At 6:30 in the morning on Saturday, October 7, Ofri Levy received a series of text messages from her brother, Yarden Bibas. Bibas lived in the Israeli kibbutz Nir Oz with his wife, Shiri; their 4-year-old son, Ariel; and their 9-month-old son, Kfir. He told Levy that he was scared and that as the family of four hid inside their home, they could hear Hamas fighters shooting and shouting outside. At 9:34 a.m., Bibas texted Levy: “They’re coming in the house.” It was the last message she received from her brother. Residents of Nir Oz say a quarter of its 400 residents were killed or kidnapped in Hamas’s brutal attack. Levy’s brother and his family were among those taken hostage. On Sunday, October 15, Levy spoke to the Cut about her family.
That Saturday morning, my brother texted me, telling me they were going inside the safe room in their house. “Here we go again,” he wrote. They’re just so used to all the bombing. Yarden and his family had been living in Nir Oz for four years. They didn’t want to live there anymore. Instead, they wanted to live next to us, up north in Israel near Syria and Lebanon, and were planning on visiting next month to look for houses.
I turned on the news and realized this was more than just a bombing. Terrorists were going into settlements. So I texted my brother to ask him what was going on. He told me that he was terrified and that it “feels like the end.” He said they could hear gunshots outside his home — automatic weapons — so I begged him to stay quiet so the terrorists couldn’t hear him. He wrote to me that it was difficult keeping the kids quiet, but they were trying.
Around 9:30 a.m., Yarden said he heard Hamas screaming in Arabic outside. At 9:34 a.m., he wrote that they were coming into the house. That was the last message I received from my brother.
Three hours later, we saw a picture of Shiri and the kids circulating online. They were surrounded by terrorists, being taken into Gaza. After an additional two hours, friends from England told me they saw a video of Shiri being taken circulating on X. She had both children in her arms, she looked really, really scared, and she just kept saying in Hebrew: “Stop! Stop! Stop!”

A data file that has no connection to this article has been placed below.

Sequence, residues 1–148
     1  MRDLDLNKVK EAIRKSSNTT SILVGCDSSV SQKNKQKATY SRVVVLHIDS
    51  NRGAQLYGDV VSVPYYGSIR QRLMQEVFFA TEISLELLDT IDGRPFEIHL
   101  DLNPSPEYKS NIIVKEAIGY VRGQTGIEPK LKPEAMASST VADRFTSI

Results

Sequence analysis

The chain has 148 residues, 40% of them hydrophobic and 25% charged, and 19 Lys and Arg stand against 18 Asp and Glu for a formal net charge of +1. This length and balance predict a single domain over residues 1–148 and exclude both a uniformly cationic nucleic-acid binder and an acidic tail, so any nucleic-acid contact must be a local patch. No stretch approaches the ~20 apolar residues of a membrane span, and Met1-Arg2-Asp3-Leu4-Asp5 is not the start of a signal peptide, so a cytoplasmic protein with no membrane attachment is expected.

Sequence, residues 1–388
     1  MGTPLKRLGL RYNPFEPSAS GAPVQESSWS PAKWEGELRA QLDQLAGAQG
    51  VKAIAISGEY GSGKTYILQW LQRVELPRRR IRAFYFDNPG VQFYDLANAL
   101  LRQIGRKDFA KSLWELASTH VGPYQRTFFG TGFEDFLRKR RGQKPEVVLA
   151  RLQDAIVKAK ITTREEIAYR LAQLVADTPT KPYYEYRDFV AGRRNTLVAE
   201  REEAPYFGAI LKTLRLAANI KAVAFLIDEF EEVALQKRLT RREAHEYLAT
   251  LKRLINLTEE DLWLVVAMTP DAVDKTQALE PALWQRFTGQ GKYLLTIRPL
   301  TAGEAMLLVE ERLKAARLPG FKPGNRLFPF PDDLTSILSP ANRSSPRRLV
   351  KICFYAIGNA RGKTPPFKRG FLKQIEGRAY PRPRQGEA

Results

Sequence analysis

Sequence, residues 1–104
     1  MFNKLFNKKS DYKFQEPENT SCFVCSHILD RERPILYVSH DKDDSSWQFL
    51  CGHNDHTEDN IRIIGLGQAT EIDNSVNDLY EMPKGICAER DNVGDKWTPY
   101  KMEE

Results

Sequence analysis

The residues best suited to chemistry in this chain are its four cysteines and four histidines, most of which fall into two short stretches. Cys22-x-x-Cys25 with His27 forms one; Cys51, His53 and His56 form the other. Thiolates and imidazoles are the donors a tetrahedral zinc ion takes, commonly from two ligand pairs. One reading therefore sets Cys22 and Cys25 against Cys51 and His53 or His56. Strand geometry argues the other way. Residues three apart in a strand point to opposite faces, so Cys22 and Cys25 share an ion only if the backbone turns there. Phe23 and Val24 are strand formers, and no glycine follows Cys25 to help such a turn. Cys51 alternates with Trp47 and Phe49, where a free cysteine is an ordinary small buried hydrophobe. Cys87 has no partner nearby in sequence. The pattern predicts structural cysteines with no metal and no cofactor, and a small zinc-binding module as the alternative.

Yarden was not with them. My brother was declared missing from Saturday until Tuesday morning — his birthday. The day Yarden turned 33, we saw the first picture of my brother in captivity on an Arab-news website. In the picture, he was surrounded by Hamas terrorists. He was alive but bleeding from his head.
Later, we found three additional pictures of Yarden. In one of the pictures, you can see the terrorists strangling him with one hand and holding a hammer in another. I don’t know if they hit him in the head with the hammer. In every picture, my brother’s face just looks worse and worse — he’s bleeding more and you can see he’s scared. In the last picture, they are walking him somewhere and he just looks defeated.
Those pictures do not leave my mind. I wake up with them. I go to sleep with them. I try not to think about them, but they keep coming up.
So we know they were taken alive to Gaza, but we don’t know if they’re together. We don’t know if they’re alive now, or if they’re dead, or if they’re being tortured. I don’t know if my brother got any care for the bleeding on his head. I don’t know if 4-year-old Ariel is eating properly or being fed. I don’t know if they’re giving the baby formula.
My brother is three years younger than me, but has always worried about me and kept me safe. While I’ve always considered Yarden to be a big, strong man, inside he’s the most gentle and sensitive person there is. As a father, he constantly worries about his children. We used to laugh at him because his son, Ariel, is a redheaded boy full of energy — he’s always climbing and jumping off things. Yarden would be fraught with worry, yelling: “Stop, it’s dangerous! Ariel, don’t do that!” We would remind him that it’s okay — he’s a boy, that’s what they do. He was just always worried about his babies.
Ariel is energetic, loves to work in the family garden, and is obsessed with everything that has a motor and wheels — like his father. My sweet 9-month-old nephew, Kfir, is just a smiley, always laughing baby. Shiri is the headmaster of the family, forever in control and managing things. She is a great mother — always doing what is best for the kids and giving all of herself for them.
It’s been over a week since we saw those pictures and videos, and I’m really tired and worried and scared. I have two younger kids, one about to turn 4 and another 2, and they can sense our tension. They know something is wrong. My daughter is Ariel’s best friend. The other day, she was playing on her father’s phone and a picture of Ariel and Kfir appeared on the screen. She started screaming, “I found them! Mommy, look, I found them! I helped!” It broke my heart.
If they are dead, Hamas stole two parents and two kids who just wanted to live their lives. I don’t think they were going to make a big change in the world, but they deserve to live a quiet and peaceful life, just like any other family.
Correction: A previous version of this story incorrectly stated the kibbutz where Yarden Bibas and his family were kidnapped. They had been living in Nir Oz.